“But the ship was now in the midst of the sea, tossed with waves: for the wind was contrary. And in the fourth watch of the night Jesus went unto them, walking on the sea. And when the disciples saw him walking on the sea, they were troubled, saying, It is a spirit; and they cried out for fear. But straightway Jesus spake unto them, saying, Be of good cheer; it is I; be not afraid” (Matthew 14:24-27).
The disciples were so swamped, so suddenly overwhelmed, the very thought that Jesus was nearby watching over them was absurd. One probably said, “This is the work of Satan. The devil is out to kill us because of all those miracles we’ve had a part in.” Another said, “Where did we go wrong? Which one of us has sin in his life? God is mad at somebody on this boat!” Another could have asked, “Why us? We’re doing what He said to do. We’re obedient. Why this storm all of a sudden?”
And in the darkest hour, “Jesus went unto them.” How difficult it must have been for Jesus to wait on the edge of the storm, loving them so much, feeling every pain they felt, wanting so much to keep them from getting hurt, yearning after them as a father for his children in trouble. Yet, He knew they could never fully know or trust Him until the full fury of the storm was upon them. He would reveal Himself only when they had reached the limit of their faith. The boat would not have gone down, but their fear would have drowned them more quickly than the waves beating on the ship. The fear of drowning was from despair—not water!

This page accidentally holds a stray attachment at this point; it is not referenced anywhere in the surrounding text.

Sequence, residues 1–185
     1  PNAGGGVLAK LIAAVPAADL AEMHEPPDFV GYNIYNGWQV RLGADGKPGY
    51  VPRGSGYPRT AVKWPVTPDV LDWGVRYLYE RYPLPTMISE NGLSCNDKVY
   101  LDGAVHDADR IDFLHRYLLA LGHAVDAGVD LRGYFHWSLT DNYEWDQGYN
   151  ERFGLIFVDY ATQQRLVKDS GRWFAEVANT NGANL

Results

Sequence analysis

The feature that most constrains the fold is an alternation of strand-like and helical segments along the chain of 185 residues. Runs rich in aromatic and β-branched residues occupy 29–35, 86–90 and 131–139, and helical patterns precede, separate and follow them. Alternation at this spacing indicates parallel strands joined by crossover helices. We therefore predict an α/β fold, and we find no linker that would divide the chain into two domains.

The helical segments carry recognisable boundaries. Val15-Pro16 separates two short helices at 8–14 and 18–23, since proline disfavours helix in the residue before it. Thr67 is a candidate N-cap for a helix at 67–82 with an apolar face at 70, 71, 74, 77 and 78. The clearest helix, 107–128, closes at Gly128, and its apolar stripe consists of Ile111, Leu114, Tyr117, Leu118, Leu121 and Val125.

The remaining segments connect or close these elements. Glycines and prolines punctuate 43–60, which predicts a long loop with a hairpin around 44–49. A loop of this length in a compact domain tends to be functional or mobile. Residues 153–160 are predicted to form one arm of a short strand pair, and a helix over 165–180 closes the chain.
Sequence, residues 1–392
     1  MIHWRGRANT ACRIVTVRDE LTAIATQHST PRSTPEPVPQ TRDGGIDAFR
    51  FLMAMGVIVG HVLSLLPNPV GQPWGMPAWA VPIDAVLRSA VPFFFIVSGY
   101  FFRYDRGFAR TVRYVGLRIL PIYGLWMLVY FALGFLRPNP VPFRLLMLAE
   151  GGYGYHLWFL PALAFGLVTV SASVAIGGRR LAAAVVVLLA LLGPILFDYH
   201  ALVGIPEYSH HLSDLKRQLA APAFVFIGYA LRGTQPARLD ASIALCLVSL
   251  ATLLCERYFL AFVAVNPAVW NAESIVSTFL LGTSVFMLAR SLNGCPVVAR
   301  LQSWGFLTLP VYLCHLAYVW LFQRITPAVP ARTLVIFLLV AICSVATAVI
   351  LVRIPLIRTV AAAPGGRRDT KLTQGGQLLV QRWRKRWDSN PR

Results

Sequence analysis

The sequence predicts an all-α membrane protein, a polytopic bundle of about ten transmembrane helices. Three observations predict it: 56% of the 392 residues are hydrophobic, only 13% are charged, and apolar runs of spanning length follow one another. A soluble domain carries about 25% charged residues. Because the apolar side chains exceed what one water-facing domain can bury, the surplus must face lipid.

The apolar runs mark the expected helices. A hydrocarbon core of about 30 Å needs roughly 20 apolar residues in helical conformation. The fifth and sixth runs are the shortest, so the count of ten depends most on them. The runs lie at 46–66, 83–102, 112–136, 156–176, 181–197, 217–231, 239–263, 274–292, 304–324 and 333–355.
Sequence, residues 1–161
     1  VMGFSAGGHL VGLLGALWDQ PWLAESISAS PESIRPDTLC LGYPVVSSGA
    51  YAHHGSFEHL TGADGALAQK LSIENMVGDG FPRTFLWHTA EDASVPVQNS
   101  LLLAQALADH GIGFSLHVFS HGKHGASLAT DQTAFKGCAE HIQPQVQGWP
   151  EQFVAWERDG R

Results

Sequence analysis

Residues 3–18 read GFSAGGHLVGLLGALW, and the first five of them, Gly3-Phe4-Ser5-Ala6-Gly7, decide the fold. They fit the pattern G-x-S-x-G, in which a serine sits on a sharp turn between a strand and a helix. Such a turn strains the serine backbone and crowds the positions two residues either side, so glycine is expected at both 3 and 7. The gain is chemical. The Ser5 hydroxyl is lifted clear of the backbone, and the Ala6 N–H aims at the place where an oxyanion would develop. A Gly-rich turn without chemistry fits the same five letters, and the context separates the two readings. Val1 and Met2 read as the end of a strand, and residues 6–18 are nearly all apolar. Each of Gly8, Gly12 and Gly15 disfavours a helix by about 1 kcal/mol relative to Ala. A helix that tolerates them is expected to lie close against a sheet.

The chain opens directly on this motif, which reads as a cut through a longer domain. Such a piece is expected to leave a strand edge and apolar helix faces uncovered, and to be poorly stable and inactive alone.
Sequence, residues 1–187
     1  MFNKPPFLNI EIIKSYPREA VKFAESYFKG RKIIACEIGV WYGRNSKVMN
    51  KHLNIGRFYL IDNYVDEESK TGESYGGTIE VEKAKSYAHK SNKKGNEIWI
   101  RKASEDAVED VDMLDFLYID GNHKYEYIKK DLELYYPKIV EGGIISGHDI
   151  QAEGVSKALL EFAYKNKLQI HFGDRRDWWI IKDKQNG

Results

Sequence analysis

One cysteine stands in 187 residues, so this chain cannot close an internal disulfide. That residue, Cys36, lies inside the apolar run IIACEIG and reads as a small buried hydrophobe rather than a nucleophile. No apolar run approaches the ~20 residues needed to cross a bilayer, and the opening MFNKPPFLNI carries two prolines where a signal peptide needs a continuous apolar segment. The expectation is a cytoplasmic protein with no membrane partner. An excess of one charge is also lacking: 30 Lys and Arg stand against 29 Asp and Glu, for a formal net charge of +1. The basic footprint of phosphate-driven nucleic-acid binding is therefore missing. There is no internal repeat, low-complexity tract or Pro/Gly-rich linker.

“And when the disciples saw Him . . . they were troubled, saying, It is a spirit [ghost]” (Matthew 14:26).
They did not recognize Jesus in that storm. They saw a ghost—an apparition. The thought of Jesus being so near, so much a part of what they were going through, did not even enter their minds.
The danger we all face is not being able to see Jesus in our troubles. Instead, we see ghosts. In that very peak moment of fear, when the night is the blackest, the storm is the angriest, the winds are the loudest, and the hopelessness so overwhelming, Jesus always draws near to us to reveal Himself as the Lord of the flood—the Savior in storms.
“The Lord sitteth upon the flood; yea, the Lord sitteth King for ever” (Psalm 29:10).
By David Wilkerson